On Monday, by 10am, I felt that I was having a bad day. The power/electricity was off and our once-a-week city council water supply was not reassuringly bubbling through the main pipe into our empty ground tank. I could only wince at the thought of how we’d senselessly wasted so much water at my daughter’s devil-may-care water slide and slippery slip party on Saturday. That day hosepipes snaked around the lawn and the kids were having buckets of water thrown over them. Oh, the crazy abandon of that day! And now we have no water and no power. This life is really one of contradictions.
First I tried around 16 of the phone numbers in my City Council Water leaflet that I had picked up a while ago, but no one was answering. So, un-showered (post exercise), I dash down to the City Council water offices to find out what the problem was. As I arrived, a comfortably proportioned woman was blowing her nose noisily. I waited for her to finish. I should actually be restrained from ever going into those offices because I find it so emotional. No water. It’s stressful and brings out the worst in me. So by way of confession, I’m going to tell you that the encounter went something like this:
“My mains water supply is not coming through. What’s the problem?” (abbreviated version).
“They are striking today. I’m about to go home. In fact I only came here to pick my bag,” the lady said. “Probably you will get it tomorrow.“
Now I’ve been told that if you miss your one-day-per-week day for getting water, then you’ve had it. There’s no way they are going to send water to your street on the wrong day – so at this point, I know that she’s just trying to get rid of me. After trying a few more lines in enquiry, I soon find myself running my mouth in Swahili. Why are they striking? When will we get water? If we miss our day then we are doomed. The lady says,
“you’ll get water tomorrow, I promise“, I reply ,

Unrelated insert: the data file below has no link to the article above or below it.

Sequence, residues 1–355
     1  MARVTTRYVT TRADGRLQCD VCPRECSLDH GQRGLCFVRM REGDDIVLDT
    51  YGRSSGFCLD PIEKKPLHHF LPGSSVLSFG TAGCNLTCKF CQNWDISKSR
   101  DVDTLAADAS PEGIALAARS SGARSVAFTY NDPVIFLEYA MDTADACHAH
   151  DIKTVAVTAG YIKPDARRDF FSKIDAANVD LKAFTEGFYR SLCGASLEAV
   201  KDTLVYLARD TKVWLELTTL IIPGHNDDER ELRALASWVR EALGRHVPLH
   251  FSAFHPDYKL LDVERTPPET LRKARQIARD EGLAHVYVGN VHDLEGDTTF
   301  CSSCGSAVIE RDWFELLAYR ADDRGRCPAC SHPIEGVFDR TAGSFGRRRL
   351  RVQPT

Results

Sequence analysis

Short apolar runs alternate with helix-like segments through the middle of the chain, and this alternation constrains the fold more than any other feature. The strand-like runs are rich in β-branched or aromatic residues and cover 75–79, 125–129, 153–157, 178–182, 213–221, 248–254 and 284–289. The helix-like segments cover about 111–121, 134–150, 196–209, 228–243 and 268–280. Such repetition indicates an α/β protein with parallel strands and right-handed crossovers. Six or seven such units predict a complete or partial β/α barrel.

“how can you promise? I don’t think we will get water tomorrow.” (I’ve lived here long enough to categorically know that we will not get water tomorrow – and guess what, we didn’t).
I then walk into the next door room and ask the cashier that if there was a strike, why wasn’t he striking? “Oh, the cash desks are all open today” he says breezily. I reply,
“so you’ll happily take our money but no one will give us any water?” He laughed (generously). I told anyone who would listen that we paid a bill of over 4,000 shillings last month for water and now we have none and there’s a lady who visits our house every month and threatens to cut us off for no reason, even though we are fully paid up so what kind of service is this?
The cashier wanted to take money from a better behaved customer so I step aside then spied and grabbed, a friendly looking older chap who was slipping into an side office to hover with a colleague who also popped his head out from behind a closed door. My new friend said he would call the CO of Nairobi Water to take up my complaint. I cheer up. “What can we do for this lady, she’s got no water today, is there anything you can do?” he asks in Swahili over the phone, but it soon appeared that the conversation is going anywhere.
The comfortably proportioned lady walks back in and looks askance at me. What was I still doing there?
“Oh, I’m talking to him now,” I say (somewhat dismissively since she hadn’t exactly fallen over herself to help). She shrugs then shifts some papers around on her desk, sort of spinning out the fact that she was making to leave.
But then the CO of Nairobi Water seems to hang up on my new friend. Then my friend tells me that he only works in IT and was only there to do maintenance work. This whole thing is not going well. The friendly man asks the soon-to-leave lady if she can help me.
“Why don’t you order a truck?” she says.
“Yes, but your City Council trucks take over a week to arrive (true!) and we need water now.”
“Yes, they do take very long.” She confirms, pulling her shawl over her shoulders.